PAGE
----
Blog_Ben_2016 Content MarketingSurvey_sharesocial

That’s awful. That breaks my heart. Even if you only spent one or two hours on a piece of content, please – share it more than three times.

How? Don’t just post once after you publish stuff. Post again a couple days later, then a week later, then a month later.

That’s just promotion 101. The best content marketers practically have a college degree in marketing their content. See our blog post, 26 Ways to Promote Your Blog Post to get started. You can use those tips to promote more than just blog posts.

4. You aren’t dialed into your audience.

This requires a blend of skills. You’ll need:

  • A bit of SEO acumen to find out which words your audience uses, and which topics are associated with them.
  • To know your subject inside and out, so you can actually help them and be worth listening to.
  • To know where they gather online.
  • …and which content formats they like.
  • …and what they want.
  • …and which problems they haven’t been able to solve. This will show you how to create the content they crave, but haven’t been able to find anywhere else.

Not sure how to get that information? A survey can help.


This is a nice email asking subscribers to complete a survey. It’d be even better if it said exactly how many questions people would have to answer.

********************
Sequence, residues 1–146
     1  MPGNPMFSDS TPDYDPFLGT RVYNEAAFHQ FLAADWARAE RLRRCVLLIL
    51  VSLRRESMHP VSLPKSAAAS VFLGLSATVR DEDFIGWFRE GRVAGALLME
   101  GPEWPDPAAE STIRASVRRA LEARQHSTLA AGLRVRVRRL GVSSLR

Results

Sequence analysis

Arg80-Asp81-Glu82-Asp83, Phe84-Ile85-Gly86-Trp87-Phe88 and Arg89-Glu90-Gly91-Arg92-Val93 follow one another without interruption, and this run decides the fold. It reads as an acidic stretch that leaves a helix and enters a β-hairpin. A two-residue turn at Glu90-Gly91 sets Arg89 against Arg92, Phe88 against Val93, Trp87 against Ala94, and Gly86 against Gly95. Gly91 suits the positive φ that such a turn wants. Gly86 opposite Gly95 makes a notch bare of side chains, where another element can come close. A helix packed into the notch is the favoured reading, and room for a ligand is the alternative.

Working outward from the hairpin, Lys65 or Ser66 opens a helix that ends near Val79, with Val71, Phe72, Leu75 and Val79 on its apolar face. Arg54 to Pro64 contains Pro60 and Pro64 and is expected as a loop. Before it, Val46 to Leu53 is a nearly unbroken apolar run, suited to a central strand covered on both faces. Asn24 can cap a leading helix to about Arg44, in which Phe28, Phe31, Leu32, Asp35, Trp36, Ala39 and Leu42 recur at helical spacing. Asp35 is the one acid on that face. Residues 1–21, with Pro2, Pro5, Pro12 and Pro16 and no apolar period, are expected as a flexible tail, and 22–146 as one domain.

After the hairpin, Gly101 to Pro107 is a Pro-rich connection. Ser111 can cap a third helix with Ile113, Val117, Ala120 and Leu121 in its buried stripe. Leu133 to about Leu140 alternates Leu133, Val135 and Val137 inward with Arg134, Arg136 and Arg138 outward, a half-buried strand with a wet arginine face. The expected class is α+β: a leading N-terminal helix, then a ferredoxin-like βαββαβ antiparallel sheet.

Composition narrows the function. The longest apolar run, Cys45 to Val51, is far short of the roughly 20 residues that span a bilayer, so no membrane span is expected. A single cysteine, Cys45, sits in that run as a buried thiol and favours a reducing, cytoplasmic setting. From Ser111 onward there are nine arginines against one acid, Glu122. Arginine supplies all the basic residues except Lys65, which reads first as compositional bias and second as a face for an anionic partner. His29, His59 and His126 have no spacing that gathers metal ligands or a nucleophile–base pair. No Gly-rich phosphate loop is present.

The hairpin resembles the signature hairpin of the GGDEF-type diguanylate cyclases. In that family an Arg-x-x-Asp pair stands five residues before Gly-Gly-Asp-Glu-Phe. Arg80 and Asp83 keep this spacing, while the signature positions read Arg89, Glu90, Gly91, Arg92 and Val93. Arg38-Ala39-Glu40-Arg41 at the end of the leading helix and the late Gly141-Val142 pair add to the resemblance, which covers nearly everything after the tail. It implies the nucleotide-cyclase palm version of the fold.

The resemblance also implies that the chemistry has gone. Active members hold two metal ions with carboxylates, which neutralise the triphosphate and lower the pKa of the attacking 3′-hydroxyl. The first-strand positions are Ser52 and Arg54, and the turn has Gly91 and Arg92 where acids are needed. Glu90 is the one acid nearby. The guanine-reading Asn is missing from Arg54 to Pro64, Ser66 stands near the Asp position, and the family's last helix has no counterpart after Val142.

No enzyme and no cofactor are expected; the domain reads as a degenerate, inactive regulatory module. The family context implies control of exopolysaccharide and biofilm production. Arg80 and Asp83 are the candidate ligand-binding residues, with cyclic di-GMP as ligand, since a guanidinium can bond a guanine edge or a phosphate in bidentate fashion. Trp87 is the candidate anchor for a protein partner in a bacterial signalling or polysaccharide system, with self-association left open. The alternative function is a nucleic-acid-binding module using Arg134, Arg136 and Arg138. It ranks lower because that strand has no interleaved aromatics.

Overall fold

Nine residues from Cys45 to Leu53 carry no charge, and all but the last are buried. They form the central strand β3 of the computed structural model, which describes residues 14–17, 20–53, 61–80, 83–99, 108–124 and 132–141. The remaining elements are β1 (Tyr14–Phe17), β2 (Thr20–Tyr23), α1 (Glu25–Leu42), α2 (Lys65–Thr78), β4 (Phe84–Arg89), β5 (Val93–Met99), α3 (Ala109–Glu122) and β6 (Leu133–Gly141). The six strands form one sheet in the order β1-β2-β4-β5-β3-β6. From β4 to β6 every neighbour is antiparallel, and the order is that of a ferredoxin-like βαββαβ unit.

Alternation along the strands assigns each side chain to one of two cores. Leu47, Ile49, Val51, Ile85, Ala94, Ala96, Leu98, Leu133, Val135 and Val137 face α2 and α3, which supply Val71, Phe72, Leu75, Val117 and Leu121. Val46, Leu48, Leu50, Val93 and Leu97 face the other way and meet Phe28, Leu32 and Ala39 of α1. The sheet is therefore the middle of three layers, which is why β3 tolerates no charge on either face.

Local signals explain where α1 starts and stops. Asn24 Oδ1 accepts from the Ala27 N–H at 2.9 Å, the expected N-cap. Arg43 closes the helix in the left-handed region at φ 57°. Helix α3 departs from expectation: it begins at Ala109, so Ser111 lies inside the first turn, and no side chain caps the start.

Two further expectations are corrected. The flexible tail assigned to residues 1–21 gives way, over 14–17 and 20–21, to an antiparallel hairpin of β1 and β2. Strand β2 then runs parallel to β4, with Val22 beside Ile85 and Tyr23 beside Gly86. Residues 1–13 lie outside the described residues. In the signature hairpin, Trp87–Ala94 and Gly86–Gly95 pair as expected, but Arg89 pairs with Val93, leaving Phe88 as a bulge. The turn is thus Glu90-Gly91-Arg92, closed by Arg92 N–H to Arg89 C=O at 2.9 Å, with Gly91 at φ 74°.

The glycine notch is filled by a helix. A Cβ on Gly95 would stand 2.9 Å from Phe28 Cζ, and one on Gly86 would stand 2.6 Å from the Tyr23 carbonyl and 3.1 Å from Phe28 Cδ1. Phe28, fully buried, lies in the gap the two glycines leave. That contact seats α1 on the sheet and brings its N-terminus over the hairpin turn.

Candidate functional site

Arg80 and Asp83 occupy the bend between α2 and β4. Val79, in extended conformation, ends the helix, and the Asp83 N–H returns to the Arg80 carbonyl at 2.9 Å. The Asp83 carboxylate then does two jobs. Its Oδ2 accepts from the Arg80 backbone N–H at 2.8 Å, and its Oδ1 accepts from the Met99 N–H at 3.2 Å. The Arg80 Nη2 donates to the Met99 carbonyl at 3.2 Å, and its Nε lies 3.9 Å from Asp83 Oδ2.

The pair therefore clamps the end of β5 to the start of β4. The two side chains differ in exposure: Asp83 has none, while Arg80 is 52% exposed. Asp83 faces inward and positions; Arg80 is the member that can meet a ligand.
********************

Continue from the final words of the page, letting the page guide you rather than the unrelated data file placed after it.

5. You aren’t creating content for every stage of the buyer’s journey.

Do you like TOFU maybe a little too much? I’m not talking soy. I’m talking “Top of the Funnel” content. The “Beginner’s Guide to” and the other types of content you can use to attract the attention of someone who’s never heard of your company before.

There are two things to consider with TOFU content (and with MOFU – mid-funnel and BOFU – bottom of funnel, too): What the content topics are for this introductory content, and what the content formats should be.

The graphic below is mostly focused on the format side of things.

Image by permission of Digital Marketer, from their blog post, Content Marketing: How Content Generates Leads and Sales at Every Step of the Funnel.

For the content topics, only you can know what’s best for your particular audience. But I have a place to start: Answer every question you’ve ever been asked about your company or product. Answer those questions in as detailed and useful a way as you can.

The blog that started it all: This is Marcus Sheridan’s blog on the River Pools website. Marcus pretty much re-invented content marketing by just answering every single question he’d ever been asked about fiberglass pools.

River Pools

6. You’re not paying enough attention to SEO.